How Muni Bond Market Intermediaries Can Take Advantage of You
There are the 3 key scenarios that muni bond investors need to be aware of while sending their next trade order to their brokers and dealers.
1. Internalization of Highest Bids
This practice is still prevalent in some of the dealer trade executions and can be quite costly for investors looking to buy or sell a particular security.
As mentioned above, in an ideal situation, when a dealer is to sell a bond on its customer’s behalf, the dealer can host bids wanted on an alternative trading system and sell the bond at the highest bid, which will serve the client’s best interest. However, there is a loophole; since the dealer has access to see all the bids coming in for their client’s security, they are very well aware of the highest bid.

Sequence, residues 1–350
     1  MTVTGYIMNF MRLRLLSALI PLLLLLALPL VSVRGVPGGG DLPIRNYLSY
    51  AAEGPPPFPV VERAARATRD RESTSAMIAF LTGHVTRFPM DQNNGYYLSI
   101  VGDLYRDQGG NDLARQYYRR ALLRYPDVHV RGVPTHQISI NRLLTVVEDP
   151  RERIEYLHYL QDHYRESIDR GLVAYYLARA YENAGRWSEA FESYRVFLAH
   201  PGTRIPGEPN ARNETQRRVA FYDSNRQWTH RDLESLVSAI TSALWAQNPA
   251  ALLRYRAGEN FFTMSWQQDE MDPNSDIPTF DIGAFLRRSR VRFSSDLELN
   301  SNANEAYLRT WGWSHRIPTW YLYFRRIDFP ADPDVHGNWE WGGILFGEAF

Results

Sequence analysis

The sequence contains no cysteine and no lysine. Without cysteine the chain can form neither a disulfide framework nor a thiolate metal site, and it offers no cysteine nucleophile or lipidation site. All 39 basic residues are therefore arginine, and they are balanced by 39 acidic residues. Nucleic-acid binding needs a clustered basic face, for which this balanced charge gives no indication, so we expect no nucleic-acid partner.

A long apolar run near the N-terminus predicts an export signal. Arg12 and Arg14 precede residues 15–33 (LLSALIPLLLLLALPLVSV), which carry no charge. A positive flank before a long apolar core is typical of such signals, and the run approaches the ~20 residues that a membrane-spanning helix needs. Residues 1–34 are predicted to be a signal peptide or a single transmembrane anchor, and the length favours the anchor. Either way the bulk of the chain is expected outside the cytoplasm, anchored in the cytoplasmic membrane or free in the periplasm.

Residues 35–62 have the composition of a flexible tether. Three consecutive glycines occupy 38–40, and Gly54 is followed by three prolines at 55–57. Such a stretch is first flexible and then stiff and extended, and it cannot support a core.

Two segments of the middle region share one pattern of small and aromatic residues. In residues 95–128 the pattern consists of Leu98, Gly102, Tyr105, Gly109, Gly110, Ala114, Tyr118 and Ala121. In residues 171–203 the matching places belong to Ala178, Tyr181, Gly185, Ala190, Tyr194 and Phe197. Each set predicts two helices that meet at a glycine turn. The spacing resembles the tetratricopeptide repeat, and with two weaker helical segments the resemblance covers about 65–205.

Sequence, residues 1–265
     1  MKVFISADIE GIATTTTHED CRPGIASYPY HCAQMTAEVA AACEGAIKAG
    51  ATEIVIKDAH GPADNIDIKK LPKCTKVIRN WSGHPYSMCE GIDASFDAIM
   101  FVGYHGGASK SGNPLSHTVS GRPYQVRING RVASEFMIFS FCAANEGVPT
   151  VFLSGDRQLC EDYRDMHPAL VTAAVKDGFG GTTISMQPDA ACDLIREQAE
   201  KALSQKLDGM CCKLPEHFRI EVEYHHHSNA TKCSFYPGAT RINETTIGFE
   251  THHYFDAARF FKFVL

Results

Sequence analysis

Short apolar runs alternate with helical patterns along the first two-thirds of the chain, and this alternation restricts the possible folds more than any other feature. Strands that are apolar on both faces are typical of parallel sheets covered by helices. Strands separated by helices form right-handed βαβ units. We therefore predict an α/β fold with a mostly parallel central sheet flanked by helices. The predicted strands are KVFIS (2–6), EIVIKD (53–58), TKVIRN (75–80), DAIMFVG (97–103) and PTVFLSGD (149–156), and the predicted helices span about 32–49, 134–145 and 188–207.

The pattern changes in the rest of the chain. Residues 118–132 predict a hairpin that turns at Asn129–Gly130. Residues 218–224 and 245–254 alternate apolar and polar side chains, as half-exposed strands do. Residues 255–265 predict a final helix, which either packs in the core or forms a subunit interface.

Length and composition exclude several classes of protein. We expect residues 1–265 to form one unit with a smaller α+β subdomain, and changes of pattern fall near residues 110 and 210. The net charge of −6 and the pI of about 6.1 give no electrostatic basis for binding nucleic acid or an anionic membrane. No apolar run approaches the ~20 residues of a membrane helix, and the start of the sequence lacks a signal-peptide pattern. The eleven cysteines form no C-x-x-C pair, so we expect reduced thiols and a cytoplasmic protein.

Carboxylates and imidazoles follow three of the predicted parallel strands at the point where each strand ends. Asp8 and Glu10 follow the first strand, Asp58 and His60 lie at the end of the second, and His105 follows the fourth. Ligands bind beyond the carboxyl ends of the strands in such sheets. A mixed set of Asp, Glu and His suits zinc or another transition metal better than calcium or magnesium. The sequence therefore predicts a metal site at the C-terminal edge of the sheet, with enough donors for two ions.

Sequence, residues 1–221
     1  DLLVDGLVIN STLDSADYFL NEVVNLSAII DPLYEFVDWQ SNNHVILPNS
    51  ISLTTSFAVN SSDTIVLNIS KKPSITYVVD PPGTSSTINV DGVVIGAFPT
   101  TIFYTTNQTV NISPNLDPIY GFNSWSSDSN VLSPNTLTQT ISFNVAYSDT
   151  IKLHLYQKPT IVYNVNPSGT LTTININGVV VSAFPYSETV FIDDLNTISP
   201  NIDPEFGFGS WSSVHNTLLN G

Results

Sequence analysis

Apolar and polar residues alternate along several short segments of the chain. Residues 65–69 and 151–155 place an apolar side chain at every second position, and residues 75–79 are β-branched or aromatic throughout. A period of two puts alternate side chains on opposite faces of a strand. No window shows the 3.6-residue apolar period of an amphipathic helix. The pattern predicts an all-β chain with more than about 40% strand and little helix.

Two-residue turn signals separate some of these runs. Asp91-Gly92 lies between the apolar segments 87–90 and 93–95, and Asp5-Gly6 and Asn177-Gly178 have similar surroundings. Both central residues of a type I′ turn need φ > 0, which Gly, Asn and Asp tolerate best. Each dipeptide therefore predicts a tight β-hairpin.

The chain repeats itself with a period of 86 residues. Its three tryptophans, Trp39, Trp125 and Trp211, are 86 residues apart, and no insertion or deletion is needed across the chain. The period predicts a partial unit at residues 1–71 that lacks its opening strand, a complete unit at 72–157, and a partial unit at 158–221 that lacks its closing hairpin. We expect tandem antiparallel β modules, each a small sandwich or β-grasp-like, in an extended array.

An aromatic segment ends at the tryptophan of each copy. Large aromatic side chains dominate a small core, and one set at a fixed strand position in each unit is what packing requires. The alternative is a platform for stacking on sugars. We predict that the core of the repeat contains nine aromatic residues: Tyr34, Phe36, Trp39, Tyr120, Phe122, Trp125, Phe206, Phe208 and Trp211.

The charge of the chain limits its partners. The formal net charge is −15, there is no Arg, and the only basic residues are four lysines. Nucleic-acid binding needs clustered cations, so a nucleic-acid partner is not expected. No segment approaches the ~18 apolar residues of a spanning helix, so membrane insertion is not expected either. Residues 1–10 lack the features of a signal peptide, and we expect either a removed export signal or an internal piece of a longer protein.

However, instead of informing the client about the highest bid, the dealer will buy the bond as a principal from their client below the highest bid price and keep it as inventory. The dealer knows that they have bought the instrument for less than the actual highest bid, and there is potential for them to later resell that security and make a profit.
Be sure to check out our previous article here that explains how to avoid overpaying for individual munis.
2. Bid Filtering
While partaking in the ATS, both the brokers and dealers can potentially filter out some of the bids coming in for a particular security they are trying to buy or sell for their investor as long as they have a valid reason not to transact with a particular counterparty.